Born in Russia in 1857, Tsiolkovsky’s original interest in rocketry came from his philosophical work on human interactions in colonizing space. A physicist and mathematician, his research was broad and included gas dynamics and mathematical models for space travel, and in May 1903, he published “Exploration of Outer Space by Means of Rocket Devices,” his most famous work. In it, he details using liquid-fueled, multi-stage rockets, and was the first to independently calculate the “Ideal Rocket Calculation,” known as the “Tsiolkovsky Equation.” This formula was also independently reached by Robert Goddard in 1912, and Hermann Oberth by 1920. The Tsiolkovsky equation states that the horizontal speed required for an orbit of the Earth is 8000 meters/second, or about 5 miles per second. A multi-stage rocket fueled by liquid oxygen and hydrogen could accomplish this, with each stage being released as its fuel load burned out, lightening the rocket in the process.
Tsiolkovsky continued his research and design interests throughout his life, and many of his theoretical designs and calculations became an important part of modern rocket design: the use of fuel as a cooling mechanism for combustion chambers, graphite or carbon vanes and exhaust vectoring for flight control, development of numerous fuel/oxidizer combinations for the greatest efficiency in combustion, a chemically-driven pump system to provide fuels for the combustion chamber, and calculating the required trajectory for a craft to enter Earth’s atmosphere and return from space.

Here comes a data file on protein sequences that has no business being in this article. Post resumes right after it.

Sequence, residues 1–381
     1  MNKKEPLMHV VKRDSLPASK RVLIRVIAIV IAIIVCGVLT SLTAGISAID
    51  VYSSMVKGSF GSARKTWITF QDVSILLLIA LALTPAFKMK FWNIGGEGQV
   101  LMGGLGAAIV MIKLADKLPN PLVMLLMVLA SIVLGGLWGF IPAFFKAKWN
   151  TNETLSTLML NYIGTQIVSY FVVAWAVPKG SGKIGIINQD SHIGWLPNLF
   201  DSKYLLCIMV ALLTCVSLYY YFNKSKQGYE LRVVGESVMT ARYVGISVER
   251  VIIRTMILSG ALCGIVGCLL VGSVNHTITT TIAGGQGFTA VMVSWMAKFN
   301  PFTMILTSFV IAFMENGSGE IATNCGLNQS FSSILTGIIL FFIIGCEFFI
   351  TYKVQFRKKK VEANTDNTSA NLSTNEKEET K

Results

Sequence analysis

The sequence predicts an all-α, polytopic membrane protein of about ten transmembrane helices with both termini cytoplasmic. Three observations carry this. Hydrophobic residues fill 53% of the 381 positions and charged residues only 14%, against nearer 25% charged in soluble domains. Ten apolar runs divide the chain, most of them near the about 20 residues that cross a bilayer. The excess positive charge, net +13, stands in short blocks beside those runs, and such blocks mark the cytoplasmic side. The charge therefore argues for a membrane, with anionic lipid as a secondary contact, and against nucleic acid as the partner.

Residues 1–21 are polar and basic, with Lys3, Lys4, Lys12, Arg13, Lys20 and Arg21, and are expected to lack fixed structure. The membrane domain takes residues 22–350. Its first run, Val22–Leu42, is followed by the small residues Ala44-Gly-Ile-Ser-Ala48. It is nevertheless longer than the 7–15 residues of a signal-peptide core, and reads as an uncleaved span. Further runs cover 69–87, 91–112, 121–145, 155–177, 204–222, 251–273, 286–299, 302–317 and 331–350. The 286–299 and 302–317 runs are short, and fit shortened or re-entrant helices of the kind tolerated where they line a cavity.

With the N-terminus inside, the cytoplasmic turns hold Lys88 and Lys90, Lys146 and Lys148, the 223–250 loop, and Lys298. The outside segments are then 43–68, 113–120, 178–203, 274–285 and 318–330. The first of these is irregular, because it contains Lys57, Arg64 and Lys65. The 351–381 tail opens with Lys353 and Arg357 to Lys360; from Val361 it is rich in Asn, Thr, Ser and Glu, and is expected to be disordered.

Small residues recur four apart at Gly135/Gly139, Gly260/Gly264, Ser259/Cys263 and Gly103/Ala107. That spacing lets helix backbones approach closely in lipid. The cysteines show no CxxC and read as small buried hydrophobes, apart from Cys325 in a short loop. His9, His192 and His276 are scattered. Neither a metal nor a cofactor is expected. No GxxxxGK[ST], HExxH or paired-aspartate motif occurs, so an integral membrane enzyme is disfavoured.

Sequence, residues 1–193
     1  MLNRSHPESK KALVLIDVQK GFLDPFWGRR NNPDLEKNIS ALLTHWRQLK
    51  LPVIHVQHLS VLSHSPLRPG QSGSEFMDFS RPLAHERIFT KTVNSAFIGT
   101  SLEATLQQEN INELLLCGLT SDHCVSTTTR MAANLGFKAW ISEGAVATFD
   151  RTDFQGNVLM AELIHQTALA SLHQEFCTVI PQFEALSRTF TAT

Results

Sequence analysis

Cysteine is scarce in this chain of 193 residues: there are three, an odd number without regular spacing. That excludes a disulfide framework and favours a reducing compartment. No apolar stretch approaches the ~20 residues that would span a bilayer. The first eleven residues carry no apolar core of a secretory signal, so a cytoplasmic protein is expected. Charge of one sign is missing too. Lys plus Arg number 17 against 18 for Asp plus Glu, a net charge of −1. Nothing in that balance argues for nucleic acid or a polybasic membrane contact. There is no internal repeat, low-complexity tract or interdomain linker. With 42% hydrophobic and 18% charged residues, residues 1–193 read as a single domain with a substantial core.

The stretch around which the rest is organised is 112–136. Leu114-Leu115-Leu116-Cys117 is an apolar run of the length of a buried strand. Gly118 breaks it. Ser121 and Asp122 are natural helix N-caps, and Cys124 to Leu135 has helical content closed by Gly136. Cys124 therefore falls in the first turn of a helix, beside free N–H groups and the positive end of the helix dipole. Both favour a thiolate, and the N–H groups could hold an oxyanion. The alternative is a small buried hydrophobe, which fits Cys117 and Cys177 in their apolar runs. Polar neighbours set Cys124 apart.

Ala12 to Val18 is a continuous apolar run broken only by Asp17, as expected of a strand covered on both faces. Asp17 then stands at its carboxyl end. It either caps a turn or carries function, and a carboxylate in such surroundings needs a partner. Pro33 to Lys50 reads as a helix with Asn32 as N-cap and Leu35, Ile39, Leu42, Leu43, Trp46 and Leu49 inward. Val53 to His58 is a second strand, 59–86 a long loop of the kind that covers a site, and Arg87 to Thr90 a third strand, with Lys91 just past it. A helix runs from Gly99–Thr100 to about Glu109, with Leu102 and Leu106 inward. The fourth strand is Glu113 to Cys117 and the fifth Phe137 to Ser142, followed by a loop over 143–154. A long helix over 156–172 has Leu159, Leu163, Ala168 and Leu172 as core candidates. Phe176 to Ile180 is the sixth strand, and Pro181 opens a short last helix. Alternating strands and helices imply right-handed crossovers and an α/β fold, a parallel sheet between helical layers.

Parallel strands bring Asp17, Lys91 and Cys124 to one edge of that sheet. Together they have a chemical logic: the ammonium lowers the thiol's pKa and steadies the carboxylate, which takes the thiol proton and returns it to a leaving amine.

Tsiolkovsky died in 1935, never seeing one of his rockets built and launched, but his equations and many of his ideas became critical in the future success of other rocket engineers.
Born in 1894 in Hermannstadt, Transylvania (now Sibiu, Romania) Hermann Oberth was inspired at the age of eleven by the works of novelist Jules Verne, and at age 14 built his first model rocket. Drafted into the Imperial German Army at the outbreak of World War I, by 1915 he was posted to a medical unit in Romania and in his spare time designed rockets. In 1917, he send a proposal to the German War Department regarding the use of large, liquid-fueled long range rockets for use in bombardment – a proposal which was rejected. In 1922, he proposed the same, again to the German government, but with the introduction of their possible use as a vehicle for space flight so as to not cause concerns over violations of the 1919 Versailles Treaty.